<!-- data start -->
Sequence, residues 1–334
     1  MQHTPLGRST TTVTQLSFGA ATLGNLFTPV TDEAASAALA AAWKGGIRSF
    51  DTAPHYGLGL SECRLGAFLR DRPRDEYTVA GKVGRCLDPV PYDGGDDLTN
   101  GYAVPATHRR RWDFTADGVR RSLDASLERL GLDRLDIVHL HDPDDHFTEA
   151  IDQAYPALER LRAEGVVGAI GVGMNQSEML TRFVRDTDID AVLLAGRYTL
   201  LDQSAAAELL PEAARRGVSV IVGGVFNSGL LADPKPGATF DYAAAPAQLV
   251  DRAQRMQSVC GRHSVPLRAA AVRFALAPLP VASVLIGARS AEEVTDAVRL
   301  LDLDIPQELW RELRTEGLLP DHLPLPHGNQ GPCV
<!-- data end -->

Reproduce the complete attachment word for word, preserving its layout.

Sequence, residues 1–334
     1  MQHTPLGRST TTVTQLSFGA ATLGNLFTPV TDEAASAALA AAWKGGIRSF
    51  DTAPHYGLGL SECRLGAFLR DRPRDEYTVA GKVGRCLDPV PYDGGDDLTN
   101  GYAVPATHRR RWDFTADGVR RSLDASLERL GLDRLDIVHL HDPDDHFTEA
   151  IDQAYPALER LRAEGVVGAI GVGMNQSEML TRFVRDTDID AVLLAGRYTL
   201  LDQSAAAELL PEAARRGVSV IVGGVFNSGL LADPKPGATF DYAAAPAQLV
   251  DRAQRMQSVC GRHSVPLRAA AVRFALAPLP VASVLIGARS AEEVTDAVRL
   301  LDLDIPQELW RELRTEGLLP DHLPLPHGNQ GPCV